Any honest gardener will probably admit to an ongoing battle with weeds. But what is a weed? The common definition is that it's a plant growing where it's not wanted, usually vigorously and often to the detriment of plants the gardener values more highly. The definition is situation-specific and therefore there are as many disagreements as to what's a weed as there are agreements. I've got plenty of what I consider weeds. I also have plants that other people have suggested I remove as soon as possible that I've had to baby just to preserve. This post isn't intended as an overview of the plants in either category but instead an assessment of my recent interactions with a few weedy characters.
I'd been planning to whack back the Wisteria vine growing next to the arbor on the south side of the house for the past month but the task hadn't yet made it to the top of my to-do list. The following view of the vine had me questioning whether I should actually leave it alone for awhile.
In another situation, I noticed a plant I didn't recognize growing in my back border, swamping its neighbors. Its vigor alone screamed "weed" to me. I did some online sleuthing and came up with one reference suggesting that it could be poison hemlock! As it was dark outside when I uncovered that possibility, I had to wait until the next day to check for the tell-tale signs that differentiate poison hemlock from wild carrots.
|The largest plant is preparing to bloom but there are a dozen others crowded around it and there's a red Cordyline nearly buried among them|
|The stems are hairy and don't have purple spots, which signifies that it isn't poison hemlock. When I looked through my seeds and found a packet of Daucus carota 'Dara' I suddenly remembered scattering some seeds where my mystery weeds are growing, clinching the plants' identity.|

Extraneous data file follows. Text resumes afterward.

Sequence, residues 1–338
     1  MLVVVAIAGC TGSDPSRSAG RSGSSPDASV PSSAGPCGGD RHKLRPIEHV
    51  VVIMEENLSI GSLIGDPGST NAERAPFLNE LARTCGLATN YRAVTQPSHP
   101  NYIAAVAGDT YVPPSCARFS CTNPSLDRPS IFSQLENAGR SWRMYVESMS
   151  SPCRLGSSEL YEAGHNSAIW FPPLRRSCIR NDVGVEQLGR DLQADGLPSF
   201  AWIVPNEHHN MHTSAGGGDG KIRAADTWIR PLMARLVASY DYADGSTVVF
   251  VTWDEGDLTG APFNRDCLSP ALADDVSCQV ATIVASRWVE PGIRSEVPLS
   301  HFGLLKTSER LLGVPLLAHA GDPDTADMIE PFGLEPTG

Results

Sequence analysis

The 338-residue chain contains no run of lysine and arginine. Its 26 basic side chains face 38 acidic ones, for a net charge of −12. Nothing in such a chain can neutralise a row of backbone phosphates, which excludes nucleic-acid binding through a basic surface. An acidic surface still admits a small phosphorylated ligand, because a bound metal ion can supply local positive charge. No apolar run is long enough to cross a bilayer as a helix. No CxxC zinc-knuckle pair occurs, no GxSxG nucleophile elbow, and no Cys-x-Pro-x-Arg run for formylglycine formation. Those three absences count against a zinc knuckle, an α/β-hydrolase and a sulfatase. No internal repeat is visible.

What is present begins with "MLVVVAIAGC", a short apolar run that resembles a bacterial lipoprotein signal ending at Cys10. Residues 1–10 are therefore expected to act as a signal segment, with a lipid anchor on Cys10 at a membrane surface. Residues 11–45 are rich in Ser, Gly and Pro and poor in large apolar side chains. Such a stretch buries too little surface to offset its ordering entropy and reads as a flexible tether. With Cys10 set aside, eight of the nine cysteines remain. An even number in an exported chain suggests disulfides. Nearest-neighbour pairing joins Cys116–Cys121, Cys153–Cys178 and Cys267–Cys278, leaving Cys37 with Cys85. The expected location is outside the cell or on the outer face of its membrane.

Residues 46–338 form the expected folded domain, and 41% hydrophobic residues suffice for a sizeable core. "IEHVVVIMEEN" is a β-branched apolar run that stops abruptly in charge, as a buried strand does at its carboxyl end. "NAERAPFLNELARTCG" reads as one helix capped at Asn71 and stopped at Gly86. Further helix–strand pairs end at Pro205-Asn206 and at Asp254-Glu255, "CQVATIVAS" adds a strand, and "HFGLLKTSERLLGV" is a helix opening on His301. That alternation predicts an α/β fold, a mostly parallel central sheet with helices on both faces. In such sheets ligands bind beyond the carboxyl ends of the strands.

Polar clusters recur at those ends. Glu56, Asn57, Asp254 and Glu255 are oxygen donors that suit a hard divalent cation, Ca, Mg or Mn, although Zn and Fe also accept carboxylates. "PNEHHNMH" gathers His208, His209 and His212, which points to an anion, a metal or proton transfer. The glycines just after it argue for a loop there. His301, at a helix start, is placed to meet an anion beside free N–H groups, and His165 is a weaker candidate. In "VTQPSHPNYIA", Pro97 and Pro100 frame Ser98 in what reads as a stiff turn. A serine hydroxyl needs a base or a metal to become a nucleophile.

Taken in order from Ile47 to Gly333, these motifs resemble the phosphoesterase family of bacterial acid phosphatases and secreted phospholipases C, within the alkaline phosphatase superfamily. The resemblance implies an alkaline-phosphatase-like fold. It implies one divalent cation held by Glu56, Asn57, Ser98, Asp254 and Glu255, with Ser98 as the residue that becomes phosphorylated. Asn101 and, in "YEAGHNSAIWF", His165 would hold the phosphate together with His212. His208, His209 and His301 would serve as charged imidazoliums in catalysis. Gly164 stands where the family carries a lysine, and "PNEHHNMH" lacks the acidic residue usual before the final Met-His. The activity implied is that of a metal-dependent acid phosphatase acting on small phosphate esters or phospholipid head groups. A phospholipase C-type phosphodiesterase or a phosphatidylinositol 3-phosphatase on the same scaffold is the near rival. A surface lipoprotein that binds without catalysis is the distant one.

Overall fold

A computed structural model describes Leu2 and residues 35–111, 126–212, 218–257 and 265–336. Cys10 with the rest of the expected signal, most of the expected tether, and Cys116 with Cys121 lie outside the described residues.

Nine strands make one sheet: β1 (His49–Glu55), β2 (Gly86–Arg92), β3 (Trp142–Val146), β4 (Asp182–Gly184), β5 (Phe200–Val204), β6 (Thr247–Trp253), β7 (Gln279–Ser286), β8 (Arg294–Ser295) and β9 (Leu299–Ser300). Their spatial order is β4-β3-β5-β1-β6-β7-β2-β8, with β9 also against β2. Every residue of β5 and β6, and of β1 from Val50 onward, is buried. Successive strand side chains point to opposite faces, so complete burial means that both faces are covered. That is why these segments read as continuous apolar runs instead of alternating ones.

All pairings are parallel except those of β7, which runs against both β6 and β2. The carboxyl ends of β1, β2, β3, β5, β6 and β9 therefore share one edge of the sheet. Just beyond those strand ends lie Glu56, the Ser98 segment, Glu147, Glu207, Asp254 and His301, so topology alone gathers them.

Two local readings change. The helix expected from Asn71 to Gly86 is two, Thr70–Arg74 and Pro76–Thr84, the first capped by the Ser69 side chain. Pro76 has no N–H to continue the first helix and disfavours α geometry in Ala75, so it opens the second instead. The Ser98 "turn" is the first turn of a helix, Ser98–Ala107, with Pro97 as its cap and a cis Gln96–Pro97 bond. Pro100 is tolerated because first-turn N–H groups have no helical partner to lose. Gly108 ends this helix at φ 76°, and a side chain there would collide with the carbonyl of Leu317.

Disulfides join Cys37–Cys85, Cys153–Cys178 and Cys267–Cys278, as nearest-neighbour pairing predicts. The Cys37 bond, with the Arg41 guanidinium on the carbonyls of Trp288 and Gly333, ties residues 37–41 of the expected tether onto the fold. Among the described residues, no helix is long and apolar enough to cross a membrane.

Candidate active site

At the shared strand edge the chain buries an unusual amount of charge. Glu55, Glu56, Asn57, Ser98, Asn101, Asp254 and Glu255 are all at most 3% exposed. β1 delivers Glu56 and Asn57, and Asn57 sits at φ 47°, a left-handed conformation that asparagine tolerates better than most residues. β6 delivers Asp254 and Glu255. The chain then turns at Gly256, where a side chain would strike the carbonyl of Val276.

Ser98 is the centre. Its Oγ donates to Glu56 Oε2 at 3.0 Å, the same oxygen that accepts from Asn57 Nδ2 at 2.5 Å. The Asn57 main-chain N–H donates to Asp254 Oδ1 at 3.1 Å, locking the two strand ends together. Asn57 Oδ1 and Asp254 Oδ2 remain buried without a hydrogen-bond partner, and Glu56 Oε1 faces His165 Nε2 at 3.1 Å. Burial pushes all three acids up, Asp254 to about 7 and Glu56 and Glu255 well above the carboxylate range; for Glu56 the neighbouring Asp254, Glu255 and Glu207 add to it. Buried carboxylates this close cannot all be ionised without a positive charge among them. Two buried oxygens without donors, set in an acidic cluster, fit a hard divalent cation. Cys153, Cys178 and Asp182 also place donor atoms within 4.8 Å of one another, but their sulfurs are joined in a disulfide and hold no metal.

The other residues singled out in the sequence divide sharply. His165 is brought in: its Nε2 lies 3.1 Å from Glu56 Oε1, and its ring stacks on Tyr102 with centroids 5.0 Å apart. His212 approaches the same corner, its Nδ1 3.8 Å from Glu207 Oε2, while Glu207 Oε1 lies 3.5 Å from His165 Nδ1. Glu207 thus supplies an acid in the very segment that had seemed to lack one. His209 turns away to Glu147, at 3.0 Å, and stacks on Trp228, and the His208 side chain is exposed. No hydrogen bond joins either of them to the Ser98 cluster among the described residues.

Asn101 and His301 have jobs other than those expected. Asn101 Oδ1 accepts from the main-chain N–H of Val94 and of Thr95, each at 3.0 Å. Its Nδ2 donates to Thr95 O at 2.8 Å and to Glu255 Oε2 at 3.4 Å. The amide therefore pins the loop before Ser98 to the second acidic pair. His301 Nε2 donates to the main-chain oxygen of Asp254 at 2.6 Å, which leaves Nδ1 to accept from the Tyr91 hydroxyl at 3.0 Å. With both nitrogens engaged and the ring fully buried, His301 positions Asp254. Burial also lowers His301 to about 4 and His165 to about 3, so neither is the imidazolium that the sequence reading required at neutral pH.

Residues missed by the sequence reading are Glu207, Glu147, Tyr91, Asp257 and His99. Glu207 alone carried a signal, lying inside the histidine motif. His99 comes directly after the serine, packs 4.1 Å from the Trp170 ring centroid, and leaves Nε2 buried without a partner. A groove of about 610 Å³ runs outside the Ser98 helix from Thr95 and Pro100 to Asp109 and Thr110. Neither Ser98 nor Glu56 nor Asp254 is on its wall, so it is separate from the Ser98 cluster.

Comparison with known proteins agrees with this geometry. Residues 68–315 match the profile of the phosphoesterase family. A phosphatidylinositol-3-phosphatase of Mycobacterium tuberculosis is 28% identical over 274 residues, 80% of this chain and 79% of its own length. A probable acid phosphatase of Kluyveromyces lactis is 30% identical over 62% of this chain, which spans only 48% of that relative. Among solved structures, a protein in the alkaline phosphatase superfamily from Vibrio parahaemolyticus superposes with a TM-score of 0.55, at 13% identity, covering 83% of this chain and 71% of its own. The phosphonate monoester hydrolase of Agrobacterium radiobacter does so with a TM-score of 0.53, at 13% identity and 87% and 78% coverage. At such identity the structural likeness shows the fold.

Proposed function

|I pulled some of the seedlings and transplanted them elsewhere yesterday|
The seeds I sowed are known as "chocolate laceflower", which is is sold under two different species names, Ammi majus 'Dara' and Daucus carota 'Dara'. I was told by one source that there's little or no difference between the two but most online sources describe the plants as "cousins" with Ammi majus described as more delicate and less weedy. I've photographs of the flowers of the Ammi majus 'Dara' I grew last year but I wasn't able to find any photos of the foliage. However, my recollection is that the plant was less robust than what's growing in my garden right now. It may be another year before I can assess whether I was foolish to grow Daucus carota 'Dara' here.
I've got other weeds I tolerate because they're attractive, at least in moderation. One of these is Dorycnium hirsutum aka hairy Canary clover (syn. Lotus hirsutus). It self-seeds freely but the seedlings are easy to pull, at least if you catch them when they're small.
|If the seedling is small and the soil is damp, it pulls up relatively easily and can be transplanted, although the plants allowed to stay where they seed fare best|
|However, if the plants are allowed to stay where they are until they reach this size, pulling them out can be a chore. They develop deep tap roots.|
|I moved a few seedlings yesterday. Dorycnium is a great groundcover and attractive even when not in bloom.|
Other weeds that I tolerate in moderation include the following:
|Left to right: Erigeron karvinskianus (aka Mexican or Santa Barbara daisy), Lobularia maritima (aka sweet alyssum) and Oenothera speciosa (aka pink evening primrose)|
Are there any "weeds" you tolerate in moderation?
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